- provide resources that support the teaching of lower-case and capital letters correctly, with clear start and finish points. The programme should move children on by teaching them to write words made up of learned GPCs, followed by simple sentences composed from such words as well as any common exception words (‘tricky words’) learned (see note 3)
- be built around direct teaching sessions, with extensive teacher-child interaction and involve a multi-sensory approach. The programme should include guidance on how direct teaching sessions can be adapted for online delivery (live or recorded) (see notes 4 and 5)
- provide resources to enable teachers to deliver the programme effectively including sufficient decodable reading material ( see notes 6 and 7) to ensure that, as children move through the early stages of acquiring phonic knowledge and skills, they can practise by reading texts closely matched to their level of phonic attainment, that do not require them to use alternative strategies to read unknown words (important, see note 7)
- include guidance and resources to ensure children practise and apply the core phonics they have been taught … (see note 8)
- enable children’s progress to be assessed and highlight the ways in which the programme meets the needs of those who are at risk of falling behind, including the lowest attaining 20% of children (see note 9)
- provide full guidance for teachers to support the effective delivery of the programme and appropriate, programme-specific training either directly, through appointed agents or remotely; with assurances that there is sufficient capacity to do so and that those delivering this training will have appropriately high levels of expertise and relevant experience (see note 10)
Explanatory notes …
Phonics is best understood as a body of knowledge and skills about how the alphabetic system works, and how to apply it in reading and spelling, rather than one of a range of optional ‘methods’ or ‘strategies’ for teaching children how to read. A programme should promote the use of phonics as the route to reading unknown words, before any subsequent comprehension strategies are applied. It should not encourage children to guess unknown words from clues such as pictures or context, rather than first applying phonic knowledge and skills. It should not include lists of high frequency words or any other words for children to learn as whole shapes ‘by sight’. The focus should be on phonemes, and not on ‘consonant clusters’ (/s/+/p/+/l/ not /spl/) or ‘onset and rime’ (/c/+/a/+/t/ not c-at, m-at, b-at).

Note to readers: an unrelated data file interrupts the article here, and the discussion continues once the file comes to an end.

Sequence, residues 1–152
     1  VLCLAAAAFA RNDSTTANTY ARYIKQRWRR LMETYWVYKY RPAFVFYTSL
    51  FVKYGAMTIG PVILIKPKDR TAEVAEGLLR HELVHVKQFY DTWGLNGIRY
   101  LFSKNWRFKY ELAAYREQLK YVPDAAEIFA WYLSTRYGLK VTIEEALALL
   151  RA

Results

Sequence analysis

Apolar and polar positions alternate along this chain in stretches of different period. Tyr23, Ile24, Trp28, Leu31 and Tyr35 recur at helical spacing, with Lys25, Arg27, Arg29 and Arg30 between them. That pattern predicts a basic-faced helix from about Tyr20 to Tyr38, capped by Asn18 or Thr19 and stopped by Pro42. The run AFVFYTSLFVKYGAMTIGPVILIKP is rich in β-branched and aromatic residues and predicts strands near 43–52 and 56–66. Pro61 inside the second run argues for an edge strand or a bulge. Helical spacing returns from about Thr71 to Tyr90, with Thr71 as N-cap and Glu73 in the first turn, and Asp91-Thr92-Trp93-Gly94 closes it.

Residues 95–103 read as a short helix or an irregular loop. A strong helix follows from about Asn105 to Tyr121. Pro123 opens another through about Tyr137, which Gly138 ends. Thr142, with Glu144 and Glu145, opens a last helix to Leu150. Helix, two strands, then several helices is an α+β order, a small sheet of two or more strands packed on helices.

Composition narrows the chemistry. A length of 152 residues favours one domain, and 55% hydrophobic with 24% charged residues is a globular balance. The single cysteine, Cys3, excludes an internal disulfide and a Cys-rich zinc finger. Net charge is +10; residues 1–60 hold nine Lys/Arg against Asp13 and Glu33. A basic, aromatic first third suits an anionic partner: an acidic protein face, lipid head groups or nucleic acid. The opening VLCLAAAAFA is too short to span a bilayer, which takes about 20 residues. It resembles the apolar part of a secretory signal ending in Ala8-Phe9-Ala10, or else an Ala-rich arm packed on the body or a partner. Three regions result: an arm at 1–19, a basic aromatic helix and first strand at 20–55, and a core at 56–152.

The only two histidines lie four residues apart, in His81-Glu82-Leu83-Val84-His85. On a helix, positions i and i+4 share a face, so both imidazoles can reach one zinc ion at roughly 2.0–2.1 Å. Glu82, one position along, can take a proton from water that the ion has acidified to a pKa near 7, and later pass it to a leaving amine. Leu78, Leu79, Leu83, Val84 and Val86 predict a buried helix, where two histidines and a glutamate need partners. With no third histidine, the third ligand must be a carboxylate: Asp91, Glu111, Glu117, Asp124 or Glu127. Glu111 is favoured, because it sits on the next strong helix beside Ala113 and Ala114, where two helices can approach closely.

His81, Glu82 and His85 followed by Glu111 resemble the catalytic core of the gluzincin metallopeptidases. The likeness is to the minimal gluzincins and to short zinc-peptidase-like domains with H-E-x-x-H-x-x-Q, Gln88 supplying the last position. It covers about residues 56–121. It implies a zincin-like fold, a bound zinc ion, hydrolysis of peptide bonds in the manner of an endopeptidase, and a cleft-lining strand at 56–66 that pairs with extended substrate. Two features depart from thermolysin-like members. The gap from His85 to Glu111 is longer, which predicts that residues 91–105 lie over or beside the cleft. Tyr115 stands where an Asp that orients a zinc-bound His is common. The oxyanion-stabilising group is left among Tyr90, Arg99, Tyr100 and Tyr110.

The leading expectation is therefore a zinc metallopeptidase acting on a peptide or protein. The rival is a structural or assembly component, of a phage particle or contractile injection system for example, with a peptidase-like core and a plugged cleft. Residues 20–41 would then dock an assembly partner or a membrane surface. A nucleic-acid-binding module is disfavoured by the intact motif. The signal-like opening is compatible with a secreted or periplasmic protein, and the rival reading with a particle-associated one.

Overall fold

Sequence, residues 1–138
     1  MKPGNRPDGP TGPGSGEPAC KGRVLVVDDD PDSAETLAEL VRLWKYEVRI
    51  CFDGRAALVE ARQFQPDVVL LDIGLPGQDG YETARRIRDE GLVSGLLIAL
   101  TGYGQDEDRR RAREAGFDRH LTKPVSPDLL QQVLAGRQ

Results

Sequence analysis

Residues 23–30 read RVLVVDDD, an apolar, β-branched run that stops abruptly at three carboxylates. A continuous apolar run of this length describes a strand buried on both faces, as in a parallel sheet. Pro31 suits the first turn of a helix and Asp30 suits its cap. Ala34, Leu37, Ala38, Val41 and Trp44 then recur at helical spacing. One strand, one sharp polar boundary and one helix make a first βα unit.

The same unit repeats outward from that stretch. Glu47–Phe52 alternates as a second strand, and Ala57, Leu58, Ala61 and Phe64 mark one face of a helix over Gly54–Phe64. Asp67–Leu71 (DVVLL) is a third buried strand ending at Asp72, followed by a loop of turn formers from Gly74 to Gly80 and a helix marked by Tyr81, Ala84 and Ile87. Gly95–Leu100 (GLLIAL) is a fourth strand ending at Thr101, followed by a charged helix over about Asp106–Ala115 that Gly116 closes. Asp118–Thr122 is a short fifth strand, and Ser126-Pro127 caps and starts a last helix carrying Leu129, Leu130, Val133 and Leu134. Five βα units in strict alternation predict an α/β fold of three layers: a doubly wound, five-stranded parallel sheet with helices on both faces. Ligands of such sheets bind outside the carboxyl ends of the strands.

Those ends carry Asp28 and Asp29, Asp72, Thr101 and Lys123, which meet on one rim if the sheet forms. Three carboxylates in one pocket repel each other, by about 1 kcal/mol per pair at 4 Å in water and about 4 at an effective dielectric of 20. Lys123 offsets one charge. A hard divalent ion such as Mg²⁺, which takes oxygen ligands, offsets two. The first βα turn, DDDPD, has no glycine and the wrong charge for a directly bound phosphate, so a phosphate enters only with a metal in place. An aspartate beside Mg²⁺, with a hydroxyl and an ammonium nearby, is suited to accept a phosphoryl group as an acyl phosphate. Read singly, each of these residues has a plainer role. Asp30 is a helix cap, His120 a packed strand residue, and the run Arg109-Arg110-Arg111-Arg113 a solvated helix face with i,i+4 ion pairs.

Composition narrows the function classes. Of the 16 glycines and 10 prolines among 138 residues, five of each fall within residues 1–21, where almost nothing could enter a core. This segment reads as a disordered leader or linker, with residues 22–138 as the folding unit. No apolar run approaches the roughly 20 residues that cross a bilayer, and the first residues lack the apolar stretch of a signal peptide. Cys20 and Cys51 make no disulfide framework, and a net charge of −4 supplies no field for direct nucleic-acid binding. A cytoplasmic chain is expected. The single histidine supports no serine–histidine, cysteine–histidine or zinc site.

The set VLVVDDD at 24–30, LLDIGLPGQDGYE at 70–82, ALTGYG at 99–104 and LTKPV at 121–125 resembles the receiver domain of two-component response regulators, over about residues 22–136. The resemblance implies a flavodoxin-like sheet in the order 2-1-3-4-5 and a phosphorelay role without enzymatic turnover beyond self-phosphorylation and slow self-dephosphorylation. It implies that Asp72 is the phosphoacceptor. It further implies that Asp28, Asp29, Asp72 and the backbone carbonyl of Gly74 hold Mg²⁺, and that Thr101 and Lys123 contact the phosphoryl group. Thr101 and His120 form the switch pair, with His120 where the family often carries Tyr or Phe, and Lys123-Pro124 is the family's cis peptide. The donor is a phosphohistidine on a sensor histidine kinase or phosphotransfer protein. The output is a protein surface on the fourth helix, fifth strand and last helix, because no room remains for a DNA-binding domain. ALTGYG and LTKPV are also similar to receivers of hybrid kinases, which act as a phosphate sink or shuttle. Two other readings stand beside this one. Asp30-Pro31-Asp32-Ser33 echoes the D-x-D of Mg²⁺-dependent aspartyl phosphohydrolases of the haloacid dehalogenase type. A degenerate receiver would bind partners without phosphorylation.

Common exception (or ‘tricky’) words are those that include grapheme-phoneme correspondences (GPCs) that are an exception to those children have been taught. They include correspondences that are unusual and those that will be taught later in the programme (such as ‘said’ and ‘me’). Programmes should teach children to read and then spell the most common exception words, noting the part of a word that makes it an exception word. These words should be introduced gradually.
At first, children should not be taught to join letters or to start every letter ‘on the line’ with a ‘lead-in’, because these practices cause unnecessary difficulty for beginners. Children may be taught to join the letters in digraphs, but this is optional. (All resources designed for children to read should be in print).